Working With PRIDE

Back to the Future

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SidebarThis is the second edition of the Voice's new column, "Working with PRIDE." With the 20th anniversary of the PRIDE (Parent Resources for Information, Develop-ment, and Education) practice model coming next year, a new generation of child welfare professionals and resource families--foster and adoptive parents--are learning about it. Just as children's histories help us understand behaviors, PRIDE's history provides some perspective on its sustainability over the past two decades.

PRIDE's roots go back to our country's first national foster parent training program, inspired by Helen Stone, who worked at CWLA in the 1960s. At the time, more challenging children were labeled as having "special needs." In collaboration with the late Beatrice Garrett from the U.S. Children's Bureau, Helen recognized that foster parents needed a vehicle for advocacy, support, empowerment, and training. With a Children's Bureau grant to CWLA, they created the National Foster Parent Association in the late 1960s and CWLA published Parenting Plus. This pioneer effort acknowledged the extra responsibilities of fostering with a 12-hour training program and accompanying workbook and films.

In the 1970s, Helen consulted for a new program at Nova University, where Eileen was the principal developer of what became known as the "Nova model." Funded by the National Institute of Mental Health, "Nova" provided the foundation for PRIDE by taking a behavioral and systems approach to foster parent recruitment and assessment. Preservice training was conceptualized as an integral component of the home study process. The goal was to help foster parents and agencies make informed decisions about their willingness, ability, and resources to work together.

The Adoption Assistance and Child Welfare Act of 1980 required both foster parents and caseworkers to have more skills. Eileen joined the Child Welfare Institute to become the first author of Model Approach to Partnerships in Parenting, originally funded by the Massachusetts and North Carolina Departments of Social Services. Two of CWLA's current leaders, Board President Julie Springwater and Vice President of Policy and Public Affairs Linda Spears, were part of the initial MAPP development team. The 1980s innovations in MAPP provided an additional foundation for the 1990s development of PRIDE: (1) replace "home study" with culturally competent strengths/needs family assessments; (2) include prospective adoptive parents; and (3) reframe preservice training as preparation, expanding it to 27 hours to support the family assessment process.

In 1990-91, CWLA convened the National Commission on Family Foster Care in collaboration with the National Foster Parent Association. The Commission produced A Blueprint for Fostering Infants, Children, and Youth in the 1990s, recommending policies and practices so foster and adoptive parents could protect and nurture children; meet their developmental needs; support their relationships with birth families; connect them to safe, nurturing relationships intended to last a lifetime; and work as professional team members. As State Foster Care Director for the Illinois Department of Children and Family Services, Donna served on the Commission, and Eileen, then a national program director for CWLA, was the Commission's staff director. In Illinois, foster and adoptive parents were requesting a competency-based, comprehensive approach to recruitment, preparation, assessment, selection, in-service training, and other supports that would help with retention. With significant input from Illinois' foster and adoptive parents, Donna and Eileen collaborated with more than 100 colleagues from public and privates agencies, and national and international organizations to create Foster PRIDE/Adopt PRIDE.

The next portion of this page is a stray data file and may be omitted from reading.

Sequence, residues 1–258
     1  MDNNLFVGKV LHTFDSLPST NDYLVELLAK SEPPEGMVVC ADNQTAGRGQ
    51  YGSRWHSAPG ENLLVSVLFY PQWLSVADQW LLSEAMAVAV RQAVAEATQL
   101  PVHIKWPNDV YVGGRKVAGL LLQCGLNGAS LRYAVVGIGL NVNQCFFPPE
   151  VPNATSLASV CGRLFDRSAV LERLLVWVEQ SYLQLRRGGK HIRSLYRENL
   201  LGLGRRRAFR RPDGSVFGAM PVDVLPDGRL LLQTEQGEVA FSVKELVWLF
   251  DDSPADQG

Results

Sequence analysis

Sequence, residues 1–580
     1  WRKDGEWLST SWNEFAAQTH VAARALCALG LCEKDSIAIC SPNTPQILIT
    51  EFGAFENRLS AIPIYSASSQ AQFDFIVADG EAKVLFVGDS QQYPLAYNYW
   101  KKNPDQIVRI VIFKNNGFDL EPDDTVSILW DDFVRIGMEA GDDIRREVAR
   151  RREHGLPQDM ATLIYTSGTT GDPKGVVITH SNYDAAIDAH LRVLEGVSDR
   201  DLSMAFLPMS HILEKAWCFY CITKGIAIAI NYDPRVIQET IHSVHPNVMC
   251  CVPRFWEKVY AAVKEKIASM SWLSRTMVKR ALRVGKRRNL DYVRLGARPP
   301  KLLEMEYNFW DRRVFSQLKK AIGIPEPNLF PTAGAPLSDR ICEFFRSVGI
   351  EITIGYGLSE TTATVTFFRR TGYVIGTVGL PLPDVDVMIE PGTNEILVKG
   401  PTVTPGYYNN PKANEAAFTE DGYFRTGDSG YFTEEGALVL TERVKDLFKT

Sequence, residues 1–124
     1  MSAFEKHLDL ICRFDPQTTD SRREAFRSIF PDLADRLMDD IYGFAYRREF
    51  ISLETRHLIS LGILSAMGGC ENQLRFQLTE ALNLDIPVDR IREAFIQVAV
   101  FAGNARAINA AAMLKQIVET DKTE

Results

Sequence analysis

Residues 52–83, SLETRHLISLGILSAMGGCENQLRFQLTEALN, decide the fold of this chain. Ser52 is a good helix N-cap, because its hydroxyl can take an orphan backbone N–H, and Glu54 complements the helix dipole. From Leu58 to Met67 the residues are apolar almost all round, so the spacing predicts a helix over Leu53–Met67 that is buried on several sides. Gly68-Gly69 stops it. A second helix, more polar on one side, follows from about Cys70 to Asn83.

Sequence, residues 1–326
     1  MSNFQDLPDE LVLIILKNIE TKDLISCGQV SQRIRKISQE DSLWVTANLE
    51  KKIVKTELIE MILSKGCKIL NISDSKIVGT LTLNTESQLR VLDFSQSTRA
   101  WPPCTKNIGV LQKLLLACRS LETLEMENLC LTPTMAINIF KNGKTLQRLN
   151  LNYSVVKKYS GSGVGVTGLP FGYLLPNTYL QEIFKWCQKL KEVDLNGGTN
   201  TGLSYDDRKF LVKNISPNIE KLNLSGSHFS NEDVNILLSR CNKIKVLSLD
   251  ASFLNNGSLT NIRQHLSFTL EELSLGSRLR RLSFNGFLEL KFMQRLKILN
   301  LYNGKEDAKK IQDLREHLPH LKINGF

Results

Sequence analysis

By focusing on competencies, PRIDE shifted the way training was historically conceptualized for foster and adoptive parents. The 100-plus hours of PRIDE's preservice, core, advanced, and specialized training reflect the time needed to learn, practice, and become competent in a skill. PRIDE proposed that protecting and nurturing children at risk and strengthening all their families--birth, foster, or adoptive-- requires teamwork among individuals with diverse knowledge and skills, but with a shared vision and a common goal. PRIDE's popularity over the years may be its format as a comprehensive practice model that reframes the tasks of recruitment and retention to 14 specific steps in foster and adoptive family development and support.

In recent years, budget cuts and a new generation of child welfare workers have prompted some jurisdictions to deviate from the model, using PRIDE solely as a preservice training program, or for kinship caregivers. This column provides a forum in which implementation, research, innovations, and challenges can be shared. You are invited to write a column about your experiences, and to share this invitation with others. For submission guidelines, as well as further references on foster parent education and PRIDE, visit

Eileen Mayers Pasztor DSW is an associate professor at the California State University, Long Beach Department of Social Work, and continues to care for her now adult foster and adopted children because of their special needs. She is currently working with CWLA on a new curriculum, Collaborating with Kinship Caregivers. Donna D. Petras PhD is a professor emerita at the Jane Addams College of Social Work, University of Illinois at Chicago, and is a visiting professor at the Addis Ababa University School of Social Work in Ethiopia.

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